If I’m correct that people buy cars to display their wealth and status (it’s hard to explain any functional benefit to having a car instead of a bike in Beijing or Delhi), the disadvantage of bikes is that they are associated with poverty, rather than wealth.

But not so for the luxury bike!

How is a luxury bike different from any other bike? In the same way that an Acura is different from a Honda: different branding and nicer accessories. A solid bike with a plush leather saddle, brake and shift levers made of chrome or some other unnecessary metal, and the right brand name on the frame could quite effectively convey one’s status.

Coming soon to a bike near you?

The production and manufacture of these bicycles would be the easy part. The branding and marketing would be more difficult. We could either try to develop a brand from scratch, equating our bikes with power and sophistication and recruiting a celebrity or two to endorse the brand. Or we could licence the name of an existing luxury brand, e.g. build our bikes and then paint the name ‘Gucci’ on then (and then perhaps encrust the name with diamonds).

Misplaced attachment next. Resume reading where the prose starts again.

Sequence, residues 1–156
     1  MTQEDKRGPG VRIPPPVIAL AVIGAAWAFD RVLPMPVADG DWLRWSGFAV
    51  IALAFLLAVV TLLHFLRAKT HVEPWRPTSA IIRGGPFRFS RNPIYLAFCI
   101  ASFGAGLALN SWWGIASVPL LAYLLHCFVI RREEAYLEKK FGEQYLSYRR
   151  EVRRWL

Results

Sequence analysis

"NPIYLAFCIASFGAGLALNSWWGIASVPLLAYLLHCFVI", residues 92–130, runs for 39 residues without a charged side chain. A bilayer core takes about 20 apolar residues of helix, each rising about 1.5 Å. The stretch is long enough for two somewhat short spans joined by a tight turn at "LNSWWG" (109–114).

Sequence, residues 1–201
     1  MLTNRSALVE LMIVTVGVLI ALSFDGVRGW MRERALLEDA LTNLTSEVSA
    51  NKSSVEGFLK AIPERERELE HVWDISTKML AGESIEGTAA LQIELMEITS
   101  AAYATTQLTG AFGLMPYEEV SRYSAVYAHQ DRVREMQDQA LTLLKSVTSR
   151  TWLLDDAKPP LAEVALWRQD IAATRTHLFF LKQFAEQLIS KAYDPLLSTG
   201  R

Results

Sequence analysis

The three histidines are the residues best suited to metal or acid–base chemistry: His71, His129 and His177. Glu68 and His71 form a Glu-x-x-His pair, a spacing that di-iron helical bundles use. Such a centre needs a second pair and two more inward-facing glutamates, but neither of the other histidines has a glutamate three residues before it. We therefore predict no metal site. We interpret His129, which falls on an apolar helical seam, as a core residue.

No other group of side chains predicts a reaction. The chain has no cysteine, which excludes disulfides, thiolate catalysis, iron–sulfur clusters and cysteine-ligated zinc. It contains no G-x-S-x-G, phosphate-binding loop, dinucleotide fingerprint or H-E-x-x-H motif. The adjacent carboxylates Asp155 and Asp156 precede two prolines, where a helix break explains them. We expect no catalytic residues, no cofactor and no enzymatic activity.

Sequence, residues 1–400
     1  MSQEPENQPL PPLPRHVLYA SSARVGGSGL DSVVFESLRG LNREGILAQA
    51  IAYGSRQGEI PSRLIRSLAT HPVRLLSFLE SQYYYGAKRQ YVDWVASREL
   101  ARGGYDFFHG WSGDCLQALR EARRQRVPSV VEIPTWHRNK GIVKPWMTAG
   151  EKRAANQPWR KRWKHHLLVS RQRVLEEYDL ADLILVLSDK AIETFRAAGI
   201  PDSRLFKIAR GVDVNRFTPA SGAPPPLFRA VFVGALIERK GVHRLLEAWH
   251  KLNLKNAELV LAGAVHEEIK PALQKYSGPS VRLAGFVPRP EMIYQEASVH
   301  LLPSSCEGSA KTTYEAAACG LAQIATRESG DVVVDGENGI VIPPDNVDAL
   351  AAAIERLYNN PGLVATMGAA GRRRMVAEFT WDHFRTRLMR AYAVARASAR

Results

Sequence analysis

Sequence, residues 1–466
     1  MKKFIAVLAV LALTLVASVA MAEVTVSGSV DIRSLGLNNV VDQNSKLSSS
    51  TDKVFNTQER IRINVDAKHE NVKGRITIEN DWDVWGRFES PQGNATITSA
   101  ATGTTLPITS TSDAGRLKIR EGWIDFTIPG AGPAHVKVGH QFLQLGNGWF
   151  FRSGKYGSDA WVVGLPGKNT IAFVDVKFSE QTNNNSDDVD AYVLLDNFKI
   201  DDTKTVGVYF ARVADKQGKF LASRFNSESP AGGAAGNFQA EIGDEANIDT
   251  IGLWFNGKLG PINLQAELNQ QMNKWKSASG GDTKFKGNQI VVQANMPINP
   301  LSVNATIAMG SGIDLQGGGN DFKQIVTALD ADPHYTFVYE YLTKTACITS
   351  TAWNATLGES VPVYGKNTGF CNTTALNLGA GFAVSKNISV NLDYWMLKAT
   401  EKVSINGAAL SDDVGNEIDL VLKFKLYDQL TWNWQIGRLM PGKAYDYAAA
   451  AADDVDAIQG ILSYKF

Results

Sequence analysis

These bicycles would be marketed to the fast-growing middle classes in emerging economies. This segment has shown a high degree of brand consciousness and is at highest risk of buying a car.

Who wants to go in on this venture???

Why Thomas Voeckler could save the Tour de France

In case you have no idea what the title of this post means, but are still interested in reading my illuminating posts, roll over here.

Just so nobody feels the need to point out the obvious, let’s make one thing clear up front: Voeckler has very little chance of keeping the yellow jersey all the way to Paris next Sunday.  Even he is insisting that he has no chance of winning, regardless of what anyone else says.


What if, by some chance, he keeps up this show of defiance for just one more week, and holds off the best climbers in the world through the Alps’ most punishing climbs?  It would send shockwaves through the sport and would make Voeckler a national hero.

And, in my opinion, it would be an uncategorically positive thing for professional cycling.  In fact, it might be the best thing that could happen to a sport tainted by a never-ending string of doping scandals.  There are two basic reasons behind this sentiment:

  1. Voeckler’s lack of superhuman qualities
  2. Voeckler’s strikingly different attitude
Lack of Superhuman qualities